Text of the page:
Political Background: I have been a member of the DA since high school. I’ve always loved and kept up with politics and current affairs, and I had some excellent, passionate teachers at Edgemead High School who introduced me to politics and economics. When I got to UCT, I got involved in student politics straight away. I actually launched the first branch of DA Student Organisation in the country. Straight out of university, I got involved with the DA doing volunteer work. This progressed to a job on Helen Zille’s campaign in 2009, and after that Ms Zille asked me to be her Chief of Staff. I spent five years as her Chief of Staff, and then I was elected as an MP in 2014.
What does your job as an MP entail? An MP’s main work is in committees, doing research and networking so as to best take advantage of each meeting. I find it very important to stay up to date on current events through reading. Attending meetings and being well prepared for those meetings so as to ask direct, productive, insightful questions is a big part of my job. Sometimes you only see government officials from various departments once a month, so it’s very important not to waste this time. After my commitments to committees, I’d say that I work to identify key problem areas and focus in on them on all fronts, with the media as well as in committees and in the house. I strive to consistently meet with business people and other stakeholders. I currently act as the DA’s go-to spokesperson on trade and industry matters and serve on the Trade and Industry Portfolio Committee as a Shadow Minister.
What are your thoughts on the Fifth Parliament thus far? I’d say that this has been the most challenging session since 1994. This is largely due to the arrival of the EFF to whom the rules don’t seem to apply. It’s a new experience for the ANC and they were not prepared; it has taken a year for parliament to once again begin functioning like a proper parliament. However, I think that at this point the EFF antics have been exposed as exactly that - antics. In order to affect real change, one must keep driving issues consistently and responsibly.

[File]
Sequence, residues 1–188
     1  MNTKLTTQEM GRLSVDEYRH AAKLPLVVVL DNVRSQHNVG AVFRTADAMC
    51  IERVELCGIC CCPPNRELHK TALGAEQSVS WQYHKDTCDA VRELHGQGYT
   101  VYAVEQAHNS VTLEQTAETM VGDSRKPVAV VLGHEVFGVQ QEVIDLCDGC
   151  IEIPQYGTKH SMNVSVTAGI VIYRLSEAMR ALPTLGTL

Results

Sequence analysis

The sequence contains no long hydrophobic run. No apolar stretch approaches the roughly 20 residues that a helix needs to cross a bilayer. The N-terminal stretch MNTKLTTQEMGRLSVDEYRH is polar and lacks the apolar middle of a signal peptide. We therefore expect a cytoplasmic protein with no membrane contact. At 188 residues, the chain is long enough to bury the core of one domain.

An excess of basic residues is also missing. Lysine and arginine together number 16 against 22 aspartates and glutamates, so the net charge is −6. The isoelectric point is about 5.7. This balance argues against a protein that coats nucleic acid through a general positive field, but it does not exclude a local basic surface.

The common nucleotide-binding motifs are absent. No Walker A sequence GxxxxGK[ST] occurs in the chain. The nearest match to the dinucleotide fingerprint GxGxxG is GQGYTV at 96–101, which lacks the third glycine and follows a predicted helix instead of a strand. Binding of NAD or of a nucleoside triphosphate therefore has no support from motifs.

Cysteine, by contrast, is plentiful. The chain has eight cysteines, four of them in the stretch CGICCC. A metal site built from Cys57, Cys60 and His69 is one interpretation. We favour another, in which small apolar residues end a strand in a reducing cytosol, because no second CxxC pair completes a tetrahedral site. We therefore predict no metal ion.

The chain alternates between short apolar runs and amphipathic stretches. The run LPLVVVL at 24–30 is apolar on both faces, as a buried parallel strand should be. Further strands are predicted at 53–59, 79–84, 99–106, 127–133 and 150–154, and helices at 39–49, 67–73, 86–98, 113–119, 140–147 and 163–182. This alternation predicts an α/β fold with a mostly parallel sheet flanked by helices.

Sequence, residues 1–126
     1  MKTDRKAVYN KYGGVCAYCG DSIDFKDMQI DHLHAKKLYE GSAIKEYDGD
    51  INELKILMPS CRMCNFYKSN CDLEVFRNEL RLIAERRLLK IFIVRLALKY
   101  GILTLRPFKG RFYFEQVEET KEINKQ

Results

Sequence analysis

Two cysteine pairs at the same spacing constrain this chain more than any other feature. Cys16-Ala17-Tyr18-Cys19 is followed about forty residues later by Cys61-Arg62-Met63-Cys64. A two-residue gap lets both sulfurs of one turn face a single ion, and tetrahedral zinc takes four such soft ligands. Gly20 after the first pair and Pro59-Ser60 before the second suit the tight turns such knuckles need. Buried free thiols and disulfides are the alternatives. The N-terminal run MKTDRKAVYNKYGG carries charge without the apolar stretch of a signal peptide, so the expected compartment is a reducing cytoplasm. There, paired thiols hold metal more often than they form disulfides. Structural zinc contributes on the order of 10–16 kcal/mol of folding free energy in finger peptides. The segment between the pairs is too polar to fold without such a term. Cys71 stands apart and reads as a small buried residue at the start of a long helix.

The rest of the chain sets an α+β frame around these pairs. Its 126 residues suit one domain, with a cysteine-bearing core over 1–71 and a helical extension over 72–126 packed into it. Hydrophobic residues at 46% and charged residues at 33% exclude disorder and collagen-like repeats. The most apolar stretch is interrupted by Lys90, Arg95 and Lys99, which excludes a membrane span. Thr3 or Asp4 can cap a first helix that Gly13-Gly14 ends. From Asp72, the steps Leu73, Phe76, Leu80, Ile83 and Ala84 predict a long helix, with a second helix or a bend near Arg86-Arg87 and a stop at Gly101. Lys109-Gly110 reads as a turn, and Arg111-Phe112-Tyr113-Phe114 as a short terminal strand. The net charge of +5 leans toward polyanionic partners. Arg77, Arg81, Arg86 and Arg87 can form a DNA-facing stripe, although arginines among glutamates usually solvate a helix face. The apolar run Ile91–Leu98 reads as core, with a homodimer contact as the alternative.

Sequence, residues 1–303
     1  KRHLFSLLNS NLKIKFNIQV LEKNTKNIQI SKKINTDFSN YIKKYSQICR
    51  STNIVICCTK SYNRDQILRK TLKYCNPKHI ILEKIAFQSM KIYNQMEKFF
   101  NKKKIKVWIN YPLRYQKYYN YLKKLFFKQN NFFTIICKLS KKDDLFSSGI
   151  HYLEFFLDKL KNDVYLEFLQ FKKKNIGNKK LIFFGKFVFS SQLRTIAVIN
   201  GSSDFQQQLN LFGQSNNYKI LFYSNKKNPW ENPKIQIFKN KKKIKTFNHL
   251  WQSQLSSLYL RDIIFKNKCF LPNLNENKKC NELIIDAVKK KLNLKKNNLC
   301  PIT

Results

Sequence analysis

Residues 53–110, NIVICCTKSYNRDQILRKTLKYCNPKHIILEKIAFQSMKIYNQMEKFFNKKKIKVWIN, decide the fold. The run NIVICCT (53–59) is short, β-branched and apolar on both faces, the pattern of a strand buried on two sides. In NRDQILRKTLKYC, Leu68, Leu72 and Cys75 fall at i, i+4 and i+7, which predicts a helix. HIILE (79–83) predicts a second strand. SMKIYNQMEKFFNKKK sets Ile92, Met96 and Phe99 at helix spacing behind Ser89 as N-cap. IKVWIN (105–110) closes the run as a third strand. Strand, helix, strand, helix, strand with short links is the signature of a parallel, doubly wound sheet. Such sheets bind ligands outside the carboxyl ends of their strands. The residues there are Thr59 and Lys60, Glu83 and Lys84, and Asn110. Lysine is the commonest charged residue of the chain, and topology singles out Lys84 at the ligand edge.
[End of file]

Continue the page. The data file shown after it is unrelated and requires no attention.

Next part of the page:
What constituency area have you been assigned to by your party? What aspects of constituency work interest you? I have been assigned the greater Philippi area as my constituency, which has about 150 000 residents. The DA is overwhelmingly in the minority there, so we at the DA view it as a “growth area”. Our main goal is to improve voter contact by reaching out as often as possible and having positive contact two to three times a week. Luckily, I am fortunate enough to have my constituency in the Western Cape, so I am able to visit quite often and conveniently. I help the DA hold Public meetings, activities, and other events that all forms part of our voter contact programme.
My favourite part of constituency work is definitely Open Day or Surgery Day, which I have at least once a month. On a typical Open Day, I’ll have dozens of people come into my constituency office and ask for help on issues large and small, and I do my best to get things done for them. It’s very rewarding to be able to make a real difference and help people; it reminds me why I got into politics.
What are you passionate about? The economy. I believe that the economy and education are the two most important issues for South Africa; if we can improve these two areas, many of the social and other problems we face in this country will be alleviated. If I can work to improve the economy, even over a generation, I can say I’ve helped South Africans live a better quality of life. That is ultimately why I’m involved in politics.
What is your message to South Africans? I really do believe that, despite different political allegiances, most all South Africans share a common vision for the direction and the future of this country. If millions of South Africans want to achieve their vision of South Africa, we need a different government.
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